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                        "THE PARABLES OF JESUS"

                      The Two Debtors (Lk 7:41-43)

INTRODUCTION

1. Do you appreciate what Jesus has done for you?  Does your service
   and devotion to Jesus demonstrate the true extent of your
   appreciation?
   a. If you are slack in your service, what does that indicate?
   b. If you wish you could be more diligent in your service, what
      would help to motivate you?

2. Answers to these questions are found in a parable and its setting
   that Jesus told on an occasion where He was invited to eat at the
   house of a Pharisee - Lk 7:36-50 

[As we continue our series on "The Parables Of Jesus", let's examine
the setting and parable itself that has become to be known as the
parable of "The Two Debtors"...]

I. THE PARABLE AND ITS SETTING

   A. THE SETTING...
      1. Jesus accepts an invitation to eat at a Pharisee's house
         - Lk 7:36 
      2. A woman "who was a sinner" (perhaps a prostitute) comes in...
         a. She brings an alabaster flask of fragrant oil - Lk 7:37 
         b. She first stands behind Jesus, weeping - Lk 7:38a
         c. She then washes His feet with her tears, and wipes them
            with her hair - Lk 7:38b
         d. Finally, she kisses His feet and anoints them with the
            fragrant oil - Lk 7:38c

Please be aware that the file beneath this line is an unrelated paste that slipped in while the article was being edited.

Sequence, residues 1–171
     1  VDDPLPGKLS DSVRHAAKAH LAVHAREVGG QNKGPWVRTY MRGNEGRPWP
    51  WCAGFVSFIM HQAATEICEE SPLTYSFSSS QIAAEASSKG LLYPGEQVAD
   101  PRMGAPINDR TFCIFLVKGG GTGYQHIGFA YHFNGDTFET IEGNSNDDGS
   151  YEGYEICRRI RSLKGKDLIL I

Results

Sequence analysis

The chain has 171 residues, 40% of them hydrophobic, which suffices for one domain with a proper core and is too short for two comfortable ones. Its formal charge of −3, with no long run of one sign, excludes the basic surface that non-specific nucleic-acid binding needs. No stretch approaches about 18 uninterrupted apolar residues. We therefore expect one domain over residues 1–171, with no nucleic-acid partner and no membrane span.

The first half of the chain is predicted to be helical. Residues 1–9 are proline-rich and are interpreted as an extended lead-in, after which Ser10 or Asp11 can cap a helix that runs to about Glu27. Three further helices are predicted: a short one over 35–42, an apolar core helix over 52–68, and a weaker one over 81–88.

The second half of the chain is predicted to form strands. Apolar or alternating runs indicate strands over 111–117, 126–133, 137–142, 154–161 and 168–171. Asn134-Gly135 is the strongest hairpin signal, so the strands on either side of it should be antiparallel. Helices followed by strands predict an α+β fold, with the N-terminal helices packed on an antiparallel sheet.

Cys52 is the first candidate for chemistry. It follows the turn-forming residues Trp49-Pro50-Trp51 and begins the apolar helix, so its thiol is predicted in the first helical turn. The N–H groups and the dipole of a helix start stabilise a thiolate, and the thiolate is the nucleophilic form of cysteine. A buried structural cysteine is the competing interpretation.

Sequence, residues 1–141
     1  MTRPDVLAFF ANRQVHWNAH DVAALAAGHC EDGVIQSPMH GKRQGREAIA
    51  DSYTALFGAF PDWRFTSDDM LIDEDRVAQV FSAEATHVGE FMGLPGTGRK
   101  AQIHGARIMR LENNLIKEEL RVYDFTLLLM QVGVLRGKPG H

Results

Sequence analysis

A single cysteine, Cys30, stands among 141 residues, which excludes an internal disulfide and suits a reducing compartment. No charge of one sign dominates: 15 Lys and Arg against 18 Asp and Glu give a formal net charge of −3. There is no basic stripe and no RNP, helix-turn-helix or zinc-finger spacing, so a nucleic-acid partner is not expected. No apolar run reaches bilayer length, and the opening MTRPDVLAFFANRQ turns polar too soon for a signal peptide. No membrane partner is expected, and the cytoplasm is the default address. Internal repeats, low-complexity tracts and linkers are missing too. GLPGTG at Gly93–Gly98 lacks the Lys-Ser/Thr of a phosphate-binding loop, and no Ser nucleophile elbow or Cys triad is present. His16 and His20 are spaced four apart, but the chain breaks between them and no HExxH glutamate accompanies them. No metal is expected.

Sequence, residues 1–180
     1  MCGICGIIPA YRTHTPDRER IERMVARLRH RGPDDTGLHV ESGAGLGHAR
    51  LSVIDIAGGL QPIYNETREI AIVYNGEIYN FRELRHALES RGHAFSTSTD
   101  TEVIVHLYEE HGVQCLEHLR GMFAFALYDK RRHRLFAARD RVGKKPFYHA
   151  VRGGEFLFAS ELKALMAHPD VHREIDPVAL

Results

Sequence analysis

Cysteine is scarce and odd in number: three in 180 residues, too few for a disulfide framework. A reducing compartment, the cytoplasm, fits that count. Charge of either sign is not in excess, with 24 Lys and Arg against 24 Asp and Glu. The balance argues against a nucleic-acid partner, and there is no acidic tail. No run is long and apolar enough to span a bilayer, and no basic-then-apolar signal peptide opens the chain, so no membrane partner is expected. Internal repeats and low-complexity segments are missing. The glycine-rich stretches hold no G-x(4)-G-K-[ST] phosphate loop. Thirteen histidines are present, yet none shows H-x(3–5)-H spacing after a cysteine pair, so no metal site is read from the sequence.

3. The host wonders whether Jesus could truly be a prophet, for
         if so He would know what kind of woman she was - Lk 7:39 
      4. Knowing what is in the Pharisee's heart, Jesus offers to say
         something - Lk 7:40 

   B. THE PARABLE ITSELF...
      1. A creditor had two debtors - Lk 7:41 
         a. One owed five hundred denarii
         b. The other owed fifty denarii (a denarius was equivalent to
            a day's wage)
      2. The debtors could not repay, yet the creditor forgave them
         both - Lk 7:42a

   C. JESUS FOLLOWS UP WITH A QUESTION AND APPLICATION...
      1. He challenges Simon (the Pharisee) with a question - Lk 7:42b-43
         a. "Which of them (the debtors) will love him (the creditor)
             more?"
         b. Simon's response:  "I suppose the one whom he forgave more"
            1) Does "I suppose" suggest a reluctance to respond on
               Simon's part?
            2) Could it be he has already begun to see the point of the
               parable?
         c. Jesus replies that Simon has properly judged the correct
            answer
      2. Jesus then makes the contrast between Simon and the woman - Lk 7:44-46 
         a. Simon gave Him no water for His feet, but she washed them
            with her tears and dried them with her hair
         b. Simon gave Him no kiss, but she has not ceased to kiss His
            feet
         c. Simon did not anoint His head with oil, but she anointed
            His feet with fragrant oil